By John Richardson
SURE, whenever a computer-driven, driverless car is involved in an accident there will be lots of doubters who worry that this not a viable breakthrough. We will also see lots of people worried that malignant hackers will take over the wheels of your self-driven car and do something evil (this, of course, also applies to all the software technology that is increasingly being used in human-driven autos).
But I feel that these problems will eventually be overcome. And given the speed with which other new technologies have recently been adopted, we are talking about a much-shorter timeframe than many people think before we are in a world, at least in developed markets, of roads filled with almost entirely – if not entirely – self-driven cars.
Why will these problems be quickly overcome? Because the environmental, health and cost-saving advantages of switching to a world with driverless cars are immense. Despite the obvious short term disruption to employment, and so to economic growth as this shift takes place, all the other benefits for politicians and corporations are just too big to ignore.
There is another important reason why the switch to driverless cars will gain tremendous momentum. To have one of the most expensive assets that any of us will ever own sitting idle for what The Economist argues is 96% of the time will increasingly make less and less dollars and cents sense to the vast majority of people everywhere.
The reason is that the end of the demographics-driven and China-driven economic Supercycle will exert increasing downward-pressure on middle-income earners. So why buy a driverless carl when there are lots of rental or leasing companies willing to provide you with an almost instant ride every time you need it at a much-lower cost?
There are sure to be both negative and positive implications for the chemicals and polymers industry. Here are just four of the economic effects of driverless cars, followed by my thoughts on what the negative and positive implications for our industry will be for each of these four effects:
- Self-driving vehicles could reduce urban vehicle numbers by as much as 90%, according to the same Economist article I have linked to above. That’s a potential 90% fall in demand for all the chemicals and polymers that go into autos. Negatives: Think of polypropylene (PP) demand. A very important driver of PP consumption as a whole is block copolymer grades of PP that go into autos. Take 90% of this demand away and what does the global PP market look like in a decade’s time? The same, to varying other degrees, will apply to all the other products from our industry that go into autos such as nylon engineering resins, polyurethanes, polyvinyl chloride (PVC) and high-density polyethylene. Positives: There is an opportunity for the innovative chemicals companies that start working with auto manufacturers right now. Driverless cars will look very different from today’s auto fleet – for example, seats might face backwards rather than forwards and in terms of comfort might be more like a living-room armchair than a conventional driver’s seat. Auto builders will need new chemicals solutions to make their designs work.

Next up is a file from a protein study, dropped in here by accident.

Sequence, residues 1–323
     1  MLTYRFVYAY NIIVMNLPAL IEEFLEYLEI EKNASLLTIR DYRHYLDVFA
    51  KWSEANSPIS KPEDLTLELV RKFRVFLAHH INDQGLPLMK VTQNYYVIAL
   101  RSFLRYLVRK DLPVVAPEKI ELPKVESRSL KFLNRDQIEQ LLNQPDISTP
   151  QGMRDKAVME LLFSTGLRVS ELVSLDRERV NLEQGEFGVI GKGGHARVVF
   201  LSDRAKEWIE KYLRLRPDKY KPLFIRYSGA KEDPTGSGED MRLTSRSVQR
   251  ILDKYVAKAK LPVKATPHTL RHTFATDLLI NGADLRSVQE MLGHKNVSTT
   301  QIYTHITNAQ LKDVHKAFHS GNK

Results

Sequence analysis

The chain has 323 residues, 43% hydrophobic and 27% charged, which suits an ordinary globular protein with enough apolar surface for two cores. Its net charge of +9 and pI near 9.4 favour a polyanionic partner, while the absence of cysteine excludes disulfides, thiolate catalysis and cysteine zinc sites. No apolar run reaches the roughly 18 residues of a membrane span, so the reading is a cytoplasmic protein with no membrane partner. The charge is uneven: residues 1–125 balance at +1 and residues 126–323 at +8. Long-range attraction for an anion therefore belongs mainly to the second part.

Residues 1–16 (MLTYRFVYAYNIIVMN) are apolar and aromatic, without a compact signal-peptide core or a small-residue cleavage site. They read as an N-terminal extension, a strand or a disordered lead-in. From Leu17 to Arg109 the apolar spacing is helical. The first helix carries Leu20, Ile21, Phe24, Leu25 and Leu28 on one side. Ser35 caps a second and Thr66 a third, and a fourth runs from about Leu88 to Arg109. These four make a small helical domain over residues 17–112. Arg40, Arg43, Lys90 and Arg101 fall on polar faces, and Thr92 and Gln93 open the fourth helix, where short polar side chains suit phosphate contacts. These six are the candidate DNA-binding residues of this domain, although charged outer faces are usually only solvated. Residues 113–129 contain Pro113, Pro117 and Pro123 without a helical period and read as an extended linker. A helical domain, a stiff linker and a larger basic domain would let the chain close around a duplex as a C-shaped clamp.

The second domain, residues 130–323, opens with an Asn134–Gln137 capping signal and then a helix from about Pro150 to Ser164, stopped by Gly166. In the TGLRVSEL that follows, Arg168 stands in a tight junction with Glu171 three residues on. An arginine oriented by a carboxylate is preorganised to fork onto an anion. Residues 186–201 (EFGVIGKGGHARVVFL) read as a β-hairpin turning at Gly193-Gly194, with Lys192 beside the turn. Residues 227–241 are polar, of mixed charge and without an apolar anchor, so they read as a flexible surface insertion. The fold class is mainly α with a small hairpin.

- Smaller houses because there is no need for garages anymore, and so people will end up living closer together. The end-result could be a lot taller houses in order to make better use of land. These taller properties might also be more likely to be located in town and city centres because, as The Economist once again pointed out, parking accounts for as much as 24% of the area of American cities, and some urban areas have as many as 3.5 parking spaces per car. So less space taken up by parked cars means more space for urban living. Negatives: Less demand for water and sanitation pipes and electrical cabling because homes are built closer together. This would affect demand for PVC pipes, and for PVC and low-density PE coatings grades used in electrical cabling. There would also be less demand for all the chemicals and polymers that go into housing. Positives: The value will be working with the housing industry to redesign homes, as with autos. And if urban living becomes far-more dense, sustainability will become an even bigger issue. This is where the chemicals industry can also help.
- Accidents kill around 1.2 million people globally every year, which is the equivalent to a 9/11 attack every single day, according to the World Health Organisation. So you can see the health savings for governments as driverless cars cannot drink – and if they are properly programmed and fully protected from hacking, they will never drive like complete idiots. Negatives: Less demand for all the chemicals and polymers used by accident and emergency departments. Positives: If governments are sensible, they won’t sack A&E consultants, doctors and nurses, but will instead redeploy them to work on heart disease, diabetes, Alzheimer’s disease and all the other illnesses that will become more prevalent as populations age. Chemicals companies and pharmaceutical companies that again switch their focus in line with this change in healthcare focus can make tremendous gains.
- A big fall in demand for gasoline and diesel, perhaps by as much as 90% – or perhaps even more if most self-driven autos end up being largely electric. Negatives: Refineries will obviously have to shut down, resulting in big implications for those chemicals producers dependent on refinery feedstocks. Positives: This process could take many years, during which time there might be plenty of cheap naphtha and other refinery-sourced feedstocks available for chemicals producers. And/ or as climate change concerns accelerate (another reason to, of course, believe in the growth of driverless cars), chemicals producers can use the imminent closure of refineries to persuade their investors to let them spend more R&D on renewable feedstocks.